How to Avoid Being a Jerk at a Concert, According to Industry Professionals
It's been over a year since you've been to a show. Do you remember the etiquette?
At some point this year — probably June or July, according to most state legislators — coronavirus restrictions will ease and we will all re-emerge, like bears from their slumber, into polite society. To help you readjust, we’ll be sharing some advice on grooming, fitness, getting dressed in something besides sweatpants (but also sweatpants), how to manage your stress and mental health, dating, concert and bar etiquette, and more.
After over a year in isolation, most of us can barely remember how to hold a normal conversation with another human being, let alone how to behave in public. We’ve all gone more than a year without live music at this point, so perhaps we’re overdue for a reminder of the do’s and don’ts of attending a concert.
Beyond the usual unwritten rules of concertgoing that were hammered into us pre-pandemic, like “Wearing a t-shirt of the band you’re seeing at the show is lame” and “No flash photography,” COVID-19 has also left us with plenty of new rules and regulations to be mindful of as live music makes its return. Morgan Deane, chair of the New York Independent Venue Association (NYIVA)’s Reopening Task Force and owner of Lasher Louis Productions, recently launched a new set of guidelines dubbed “The Guide“ in an effort to assist venues looking to reopen with protocols in place and with the safety of customers and staff top-of-mind.
“If you had asked me six weeks ago, I would have said ‘No, things are never going back to normal,’” Deane tells InsideHook. “But, now I do think that within the next few years we will see live events return to something that resembles the before times. I think it’s really important that we all remember to be kind to each other as we navigate these next steps … I think fans should know we missed them as much as they missed us. Artists, promoters and operators have worked so hard to get live events back. Please just follow whatever rules we communicate to you.”
As DJ and producer Dimitry Mak, who recently posted what he called “The 10 Venue Commandments” to his Facebook page, points out, how quickly we’re able to get back to a pre-pandemic “normal” depends on how willing fans are to adhere to the rules. “As a musician and a DJ, I travel a lot,” he says. “I perform live, I love to attend live performances. With things potentially getting back to normal soon, I think it’s really important that we support artists and the nightlife industry the right way. It’s going to be so much fun when it all comes back, but it’s also going to be crucial that it’s done in a way that respects the venue, the staff and the performers.”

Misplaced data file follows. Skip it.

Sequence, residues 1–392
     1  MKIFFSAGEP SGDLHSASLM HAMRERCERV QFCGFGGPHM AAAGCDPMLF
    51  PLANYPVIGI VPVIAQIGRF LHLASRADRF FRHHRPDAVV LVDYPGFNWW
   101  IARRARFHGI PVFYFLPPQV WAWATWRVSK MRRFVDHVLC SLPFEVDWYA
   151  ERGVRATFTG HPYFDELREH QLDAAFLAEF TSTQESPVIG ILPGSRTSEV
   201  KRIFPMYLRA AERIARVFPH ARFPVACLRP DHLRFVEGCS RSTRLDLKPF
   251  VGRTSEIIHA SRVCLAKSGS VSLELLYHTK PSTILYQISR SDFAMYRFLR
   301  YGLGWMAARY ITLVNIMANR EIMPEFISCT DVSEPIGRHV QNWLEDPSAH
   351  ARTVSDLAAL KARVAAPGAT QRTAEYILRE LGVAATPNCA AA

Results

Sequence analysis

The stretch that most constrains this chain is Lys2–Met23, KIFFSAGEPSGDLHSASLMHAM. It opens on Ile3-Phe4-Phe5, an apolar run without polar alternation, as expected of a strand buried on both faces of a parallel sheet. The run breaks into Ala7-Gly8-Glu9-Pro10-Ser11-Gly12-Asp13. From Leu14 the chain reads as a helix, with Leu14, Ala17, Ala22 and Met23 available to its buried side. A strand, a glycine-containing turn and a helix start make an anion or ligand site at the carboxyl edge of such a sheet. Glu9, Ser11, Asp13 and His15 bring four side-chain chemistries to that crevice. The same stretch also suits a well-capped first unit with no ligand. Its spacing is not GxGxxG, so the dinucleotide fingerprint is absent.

With that in mind, we’ve put together a list of some guidelines from Deane and Mak (as well as some of our own) to keep in mind as you return to a world with live music in it.
Especially if you happen to be headed to a festival, you may be tempted to bring along extra food and supplies, but it’s important to double-check what you’re allowed to bring. Do water bottles need to be factory-sealed? Is the type of sunscreen that comes in an aerosol can prohibited? “Read the rules about what you’re allowed to bring with you,” Deane says. “There’s nothing worse than somebody having a meltdown at the entrance because they’re having their totem confiscated. It slows down entry and drives event organizers nuts.”
Be respectful of the venue’s mask policy
Mask guidelines vary from state to state or whether you happen to be indoors or outdoors, so it can be tough to keep up with when you’re expected to wear one and when you’re free to go maskless. But if masks are required at the show, you have to comply and wear one. “Wear a mask if that’s the rule,” Deane says. “Just do it. It may be annoying and inconvenient, but if an organizer has a mask rule in place, it’s probably a function of their permission to operate. If patrons don’t comply with a rule like that, events will get shut down or organizers may have their ability to produce events in the future jeopardized. Don’t be that dude.”
Don’t ask for a spot on the guestlist
If you happen to be friends with someone in the band (or you’re a journalist who knows which publicist to hit up for a spot on the list), you may be tempted to ask to get in for free, but in this post-COVID era, every dollar that can possibly go to the musicians should, and you should probably just fork over the price of admission. “I’m pretty anti-guestlist in general and personally try to buy tickets for my friends’ shows as much as possible,” Deane says. “Guestlist requests were lame before the pandemic, and they’re absolutely unacceptable now. People have been out of work for more than a year. Buy the damn ticket.”